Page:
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Teach Guitar Part Time - How to Get Started in 3 Easy Steps - Learn - Rock in 2019/2020

Teach Guitar Part Time - How to Get Started in 3 Easy Steps

Teaching guitar is a great way to make some extra income whether you want to teach outside of your 9-5 job or if you're currently at school or university. The great thing is you don't need to be an expert with 20+ years of experience to become a teacher. Think of it this way - there will always be people who know less than you who would love to learn from you. Even if you have only been playing guitar for 3-5 years, you can still teach beginners and they will appreciate your lessons.

Teach Guitar Part Time - How to Get Started in 3 Easy Steps

Anybody with some patience and a decent understanding of techniques can get started teaching guitar. This quick guide will show you three simple steps to get started teaching.

Step 1: Planning your lessons & setting up your timetable

The first thing you need to do when deciding to start teaching guitar is to decide how many students you would ideally like to teach and how much time you would like to spend teaching. Take out a sheet of paper and split it up into seven columns. At the top of each column write Monday, Tuesday, Wednesday, etc. Now think about what times you are available for lessons and write the time range down under each column. You don't have to write something down for each day and if you only want to teach three days a week then only focus on those three days that best suit you.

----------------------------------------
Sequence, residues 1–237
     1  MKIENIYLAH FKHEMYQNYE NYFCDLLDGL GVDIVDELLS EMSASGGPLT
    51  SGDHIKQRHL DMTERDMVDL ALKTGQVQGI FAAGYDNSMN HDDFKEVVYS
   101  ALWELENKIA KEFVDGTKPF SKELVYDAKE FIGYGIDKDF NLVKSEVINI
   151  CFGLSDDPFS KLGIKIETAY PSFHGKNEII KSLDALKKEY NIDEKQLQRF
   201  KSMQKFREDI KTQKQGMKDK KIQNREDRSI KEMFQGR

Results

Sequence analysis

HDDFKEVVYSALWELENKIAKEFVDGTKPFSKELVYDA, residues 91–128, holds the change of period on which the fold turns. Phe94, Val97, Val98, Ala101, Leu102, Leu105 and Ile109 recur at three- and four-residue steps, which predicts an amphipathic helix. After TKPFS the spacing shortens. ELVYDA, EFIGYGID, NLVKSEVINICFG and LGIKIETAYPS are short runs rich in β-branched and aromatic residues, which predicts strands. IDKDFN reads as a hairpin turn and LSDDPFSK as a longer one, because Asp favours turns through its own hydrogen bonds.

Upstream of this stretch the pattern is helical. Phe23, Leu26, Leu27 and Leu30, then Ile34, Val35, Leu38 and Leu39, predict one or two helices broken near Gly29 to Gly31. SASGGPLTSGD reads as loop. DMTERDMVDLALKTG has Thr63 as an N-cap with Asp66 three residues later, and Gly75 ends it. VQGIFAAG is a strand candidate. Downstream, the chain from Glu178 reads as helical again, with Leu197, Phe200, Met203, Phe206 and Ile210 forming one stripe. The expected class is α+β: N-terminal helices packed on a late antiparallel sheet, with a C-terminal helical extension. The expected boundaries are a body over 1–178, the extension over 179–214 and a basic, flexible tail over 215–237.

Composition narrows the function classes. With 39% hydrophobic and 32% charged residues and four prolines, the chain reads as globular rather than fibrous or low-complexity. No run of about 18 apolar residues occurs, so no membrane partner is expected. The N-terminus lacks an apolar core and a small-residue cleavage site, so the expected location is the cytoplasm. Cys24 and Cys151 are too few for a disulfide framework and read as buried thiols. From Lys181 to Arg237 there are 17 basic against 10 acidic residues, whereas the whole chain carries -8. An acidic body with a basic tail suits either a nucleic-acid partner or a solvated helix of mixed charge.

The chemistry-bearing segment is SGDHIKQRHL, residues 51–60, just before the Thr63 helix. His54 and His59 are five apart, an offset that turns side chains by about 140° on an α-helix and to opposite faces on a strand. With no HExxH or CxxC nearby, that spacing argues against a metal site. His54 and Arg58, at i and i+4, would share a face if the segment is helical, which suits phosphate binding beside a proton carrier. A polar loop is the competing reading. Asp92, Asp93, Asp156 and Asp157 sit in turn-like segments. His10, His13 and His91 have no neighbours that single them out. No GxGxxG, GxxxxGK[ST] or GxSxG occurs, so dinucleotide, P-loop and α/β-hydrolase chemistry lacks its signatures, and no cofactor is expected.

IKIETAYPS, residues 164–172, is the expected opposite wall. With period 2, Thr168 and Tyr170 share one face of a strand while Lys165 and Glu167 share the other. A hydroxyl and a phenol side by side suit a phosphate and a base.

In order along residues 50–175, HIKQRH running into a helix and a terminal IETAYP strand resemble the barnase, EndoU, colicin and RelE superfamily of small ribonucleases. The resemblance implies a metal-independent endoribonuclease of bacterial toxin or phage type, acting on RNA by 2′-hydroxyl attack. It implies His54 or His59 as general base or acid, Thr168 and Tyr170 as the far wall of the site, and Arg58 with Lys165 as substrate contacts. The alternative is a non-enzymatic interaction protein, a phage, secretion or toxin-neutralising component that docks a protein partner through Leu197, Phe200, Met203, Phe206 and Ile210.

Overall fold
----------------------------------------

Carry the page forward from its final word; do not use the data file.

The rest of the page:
As an example let's say you want to teach two days a week: Mondays and Thursdays. You have a full time job and normally get home at 5:30pm. So you decide that after you eat dinner you have available times from 6:30pm to about 9:30pm. This gives you a three hour window you can fill with lessons for both days. So you have six hours available all together.

You can either teach guitar for whole hour lessons or half hour lessons. As you are just getting started teaching you decide it's best to keep lessons short and only offer 30 minute lessons (you can decide what works best for you and can always change it later on).

If you imagine the first lesson will be booked at 6:30pm, it will finish at 7:00pm. Now here's the important part: from 7:00-7:15pm don't book any lessons. Only allow the next lesson to be booked in at either 7:15pm or 7:30pm. This 15 minute gap between lessons will prevent clashes when students show up late or the next student shows up early.